Ideally, you want to run your french drain along the slope on your side of the property line. You want an area that does not have obstacles or obstructions. Before starting to dig, you should layout your french drain area. You will have to create a small slope in order to carry the water to its final destination. A grade of 1%, which is a drop of one foot per every 100 feet in length, is highly recommended. Some will advise a drop of 6-inches for every 100 feet.
It is essential to get the water to flow where you want it to in order to improve your yard's drainage and therefore the grade will help in your efforts.
How To Measure The Grade:
Place two stakes into the ground that will mark the beginning and the end of the trench. Tightly tie a string to one of the stakes and then run it to the other stake and tie if off but loosely. Attach a string level to the string and adjust the string to get it level. Once it is, tighten the string on the second stake. You want to ensure the string is taut. Now you can start digging your trench. While digging, you will be able to measure down from the string to ensure that you are getting the desired grade.
Check your depth as you go along. If your trench is at the proper length, 100 feet and grade 1%, once you have reached 50 feet, your trench should be 6-inches deeper than from where you started.
The hardest part of the french drain is the digging which is a horizontal trench that goes across the length of the slope. Your trench must slope down to the area where you will have the water rerouted and if it doesn't make it to the chosen spot, you will have to dig a connection ditch which will be added work.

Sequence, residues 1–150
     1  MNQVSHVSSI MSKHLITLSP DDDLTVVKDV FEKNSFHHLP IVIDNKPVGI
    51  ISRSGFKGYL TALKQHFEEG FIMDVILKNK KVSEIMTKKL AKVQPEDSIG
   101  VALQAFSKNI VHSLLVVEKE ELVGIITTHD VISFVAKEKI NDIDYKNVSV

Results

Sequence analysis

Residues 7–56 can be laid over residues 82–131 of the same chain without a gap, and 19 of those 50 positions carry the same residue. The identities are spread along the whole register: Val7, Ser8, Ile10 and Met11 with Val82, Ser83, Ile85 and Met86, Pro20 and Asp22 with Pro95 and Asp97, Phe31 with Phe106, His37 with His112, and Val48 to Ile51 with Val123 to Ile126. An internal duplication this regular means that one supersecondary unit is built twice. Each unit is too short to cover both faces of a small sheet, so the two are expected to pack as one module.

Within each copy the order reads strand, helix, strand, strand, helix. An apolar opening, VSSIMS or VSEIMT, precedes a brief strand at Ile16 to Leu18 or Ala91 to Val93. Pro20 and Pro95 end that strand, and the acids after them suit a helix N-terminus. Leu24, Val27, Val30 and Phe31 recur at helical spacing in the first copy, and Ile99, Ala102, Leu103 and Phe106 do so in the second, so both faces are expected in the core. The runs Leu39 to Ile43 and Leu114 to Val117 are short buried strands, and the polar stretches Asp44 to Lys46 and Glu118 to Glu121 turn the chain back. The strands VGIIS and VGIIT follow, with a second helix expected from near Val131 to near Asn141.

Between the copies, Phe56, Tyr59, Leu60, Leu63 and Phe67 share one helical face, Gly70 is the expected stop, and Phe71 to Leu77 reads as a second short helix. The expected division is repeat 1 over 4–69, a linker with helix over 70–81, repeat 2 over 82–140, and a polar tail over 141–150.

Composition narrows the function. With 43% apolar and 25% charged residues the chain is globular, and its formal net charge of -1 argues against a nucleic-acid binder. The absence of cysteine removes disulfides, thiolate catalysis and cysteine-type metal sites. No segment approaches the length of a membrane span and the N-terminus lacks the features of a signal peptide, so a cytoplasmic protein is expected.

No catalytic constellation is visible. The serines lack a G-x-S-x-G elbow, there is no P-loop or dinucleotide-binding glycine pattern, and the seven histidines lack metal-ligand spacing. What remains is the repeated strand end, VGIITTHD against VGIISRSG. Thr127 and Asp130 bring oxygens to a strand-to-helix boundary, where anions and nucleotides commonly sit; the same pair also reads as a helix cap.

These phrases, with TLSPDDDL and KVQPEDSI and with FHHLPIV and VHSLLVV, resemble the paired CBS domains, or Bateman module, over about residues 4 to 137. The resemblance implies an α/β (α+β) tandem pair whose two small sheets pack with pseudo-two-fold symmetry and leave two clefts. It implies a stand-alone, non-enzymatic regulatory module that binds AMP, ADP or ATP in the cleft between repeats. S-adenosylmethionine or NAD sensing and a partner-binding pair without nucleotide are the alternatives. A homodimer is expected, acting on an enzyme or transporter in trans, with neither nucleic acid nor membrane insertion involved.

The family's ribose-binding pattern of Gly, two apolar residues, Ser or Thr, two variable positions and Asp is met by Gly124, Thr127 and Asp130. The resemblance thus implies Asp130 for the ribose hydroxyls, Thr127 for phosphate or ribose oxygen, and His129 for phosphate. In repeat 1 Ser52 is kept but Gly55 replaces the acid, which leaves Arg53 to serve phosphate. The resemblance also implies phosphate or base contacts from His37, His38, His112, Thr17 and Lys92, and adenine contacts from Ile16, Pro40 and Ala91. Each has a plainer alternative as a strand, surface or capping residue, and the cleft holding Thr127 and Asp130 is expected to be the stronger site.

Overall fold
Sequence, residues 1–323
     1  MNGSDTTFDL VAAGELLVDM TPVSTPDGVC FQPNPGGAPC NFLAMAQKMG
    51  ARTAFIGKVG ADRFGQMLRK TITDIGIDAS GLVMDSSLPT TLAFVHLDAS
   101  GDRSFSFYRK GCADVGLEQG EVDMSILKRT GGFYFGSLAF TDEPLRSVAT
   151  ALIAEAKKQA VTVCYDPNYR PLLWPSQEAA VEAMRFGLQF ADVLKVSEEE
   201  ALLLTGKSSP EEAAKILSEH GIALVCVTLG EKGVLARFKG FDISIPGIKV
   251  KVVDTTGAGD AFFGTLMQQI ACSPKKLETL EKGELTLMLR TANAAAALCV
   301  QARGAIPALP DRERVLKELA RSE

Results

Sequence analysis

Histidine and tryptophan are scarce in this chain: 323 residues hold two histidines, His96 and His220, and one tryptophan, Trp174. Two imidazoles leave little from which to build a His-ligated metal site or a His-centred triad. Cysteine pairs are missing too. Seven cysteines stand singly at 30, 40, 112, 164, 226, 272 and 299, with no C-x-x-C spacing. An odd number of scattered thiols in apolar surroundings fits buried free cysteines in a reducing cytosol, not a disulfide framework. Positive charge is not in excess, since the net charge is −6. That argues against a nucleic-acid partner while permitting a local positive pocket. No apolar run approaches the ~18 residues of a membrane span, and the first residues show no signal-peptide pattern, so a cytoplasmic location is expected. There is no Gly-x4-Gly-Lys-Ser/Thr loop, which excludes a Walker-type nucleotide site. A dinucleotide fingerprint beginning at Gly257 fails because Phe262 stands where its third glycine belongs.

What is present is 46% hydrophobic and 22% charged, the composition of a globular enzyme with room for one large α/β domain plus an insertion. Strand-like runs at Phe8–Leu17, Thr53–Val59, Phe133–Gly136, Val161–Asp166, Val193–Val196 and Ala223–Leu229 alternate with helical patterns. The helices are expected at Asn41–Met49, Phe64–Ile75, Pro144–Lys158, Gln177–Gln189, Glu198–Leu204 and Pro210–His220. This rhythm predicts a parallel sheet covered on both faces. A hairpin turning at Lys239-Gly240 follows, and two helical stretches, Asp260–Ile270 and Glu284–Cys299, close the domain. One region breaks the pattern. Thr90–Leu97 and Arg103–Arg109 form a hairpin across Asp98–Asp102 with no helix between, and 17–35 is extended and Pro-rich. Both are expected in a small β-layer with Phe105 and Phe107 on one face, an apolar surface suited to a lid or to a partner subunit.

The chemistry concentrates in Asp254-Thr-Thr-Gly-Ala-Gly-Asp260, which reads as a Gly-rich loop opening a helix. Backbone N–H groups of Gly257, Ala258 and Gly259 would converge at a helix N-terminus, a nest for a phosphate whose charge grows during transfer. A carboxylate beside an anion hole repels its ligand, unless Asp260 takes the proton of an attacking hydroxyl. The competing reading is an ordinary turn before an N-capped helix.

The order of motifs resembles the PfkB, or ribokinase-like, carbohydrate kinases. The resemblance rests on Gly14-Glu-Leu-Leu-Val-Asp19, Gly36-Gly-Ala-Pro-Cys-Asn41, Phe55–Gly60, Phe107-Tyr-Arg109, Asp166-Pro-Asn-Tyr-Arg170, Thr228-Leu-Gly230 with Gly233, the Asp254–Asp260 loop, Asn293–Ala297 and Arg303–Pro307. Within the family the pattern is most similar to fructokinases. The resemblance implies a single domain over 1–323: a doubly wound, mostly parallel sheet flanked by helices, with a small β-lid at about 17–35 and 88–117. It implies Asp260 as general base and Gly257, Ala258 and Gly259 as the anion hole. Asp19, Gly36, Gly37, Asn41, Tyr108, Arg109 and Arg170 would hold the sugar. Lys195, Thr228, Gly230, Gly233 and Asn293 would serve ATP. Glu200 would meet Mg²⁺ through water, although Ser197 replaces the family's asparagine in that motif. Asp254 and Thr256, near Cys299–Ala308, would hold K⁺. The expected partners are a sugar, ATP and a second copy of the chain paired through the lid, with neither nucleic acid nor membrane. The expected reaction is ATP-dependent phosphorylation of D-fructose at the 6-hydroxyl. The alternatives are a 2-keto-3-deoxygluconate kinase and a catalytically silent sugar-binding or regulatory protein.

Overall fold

The width of your trench will depend on the level of water issues you have. Obviously, the more water, the wider the trench will have to be. Smaller trenches are normally around 5 to 6-inches.
Before you place your gravel fill, make sure your trench lines up with the fabric. Your non-woven fabric will prevent dirt from getting into the gravel. Your gravel needs to be protected so it can permeate the water through it. This is critical in order for the french drain to operate properly. Place coarse gravel onto the fabric then fold the ends of the fabric over the gravel.
Once done, you will have a tube of fabric filled with gravel. To fill in the rest of the trench, place a layer of coarse sand and then cover that with landscaping fabric. Then add 4-inches of topsoil and place sod on top of it. Your drain will be completed.
Tips For Helping Beginners:
If you are having difficulty getting the proper grading, it's highly advisable that you consult with a contractor or someone who knows how to carry out the entire project. Also, if the idea of digging the trench is hard to do, hire a backhoe operator. This will add to your costs along with the cost for added gravel because a backhoe cannot dig a small trench like one can do manually. Another alternative is renting out a trencher which can cut very thin trenches.
Keep in mind, if you can use a small trench for your drain, you will save quite a bit of money and will require a lot less gravel. The most difficult process involved in a french drain is figuring out where to run the water. If possible, the best avenue is to run the water out to the road where the city's drain system will deal with it. That said, you would have to research to find out if this a good avenue or not.
The Items You Will Need For Your Trench Construction:
• A spade or shovel
• Drainage fabric
• String level string
• Two stakes
• A tape measure